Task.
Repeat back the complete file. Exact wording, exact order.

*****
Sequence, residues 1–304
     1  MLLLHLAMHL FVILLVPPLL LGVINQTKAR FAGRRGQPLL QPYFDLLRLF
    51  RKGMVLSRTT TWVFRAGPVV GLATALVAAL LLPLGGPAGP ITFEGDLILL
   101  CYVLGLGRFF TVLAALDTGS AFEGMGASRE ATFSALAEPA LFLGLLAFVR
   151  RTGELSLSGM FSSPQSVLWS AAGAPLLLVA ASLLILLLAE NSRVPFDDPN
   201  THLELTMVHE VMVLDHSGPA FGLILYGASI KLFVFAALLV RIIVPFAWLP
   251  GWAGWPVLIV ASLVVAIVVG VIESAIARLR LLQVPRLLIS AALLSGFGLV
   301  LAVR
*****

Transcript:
Sequence, residues 1–304
     1  MLLLHLAMHL FVILLVPPLL LGVINQTKAR FAGRRGQPLL QPYFDLLRLF
    51  RKGMVLSRTT TWVFRAGPVV GLATALVAAL LLPLGGPAGP ITFEGDLILL
   101  CYVLGLGRFF TVLAALDTGS AFEGMGASRE ATFSALAEPA LFLGLLAFVR
   151  RTGELSLSGM FSSPQSVLWS AAGAPLLLVA ASLLILLLAE NSRVPFDDPN
   201  THLELTMVHE VMVLDHSGPA FGLILYGASI KLFVFAALLV RIIVPFAWLP
   251  GWAGWPVLIV ASLVVAIVVG VIESAIARLR LLQVPRLLIS AALLSGFGLV
   301  LAVR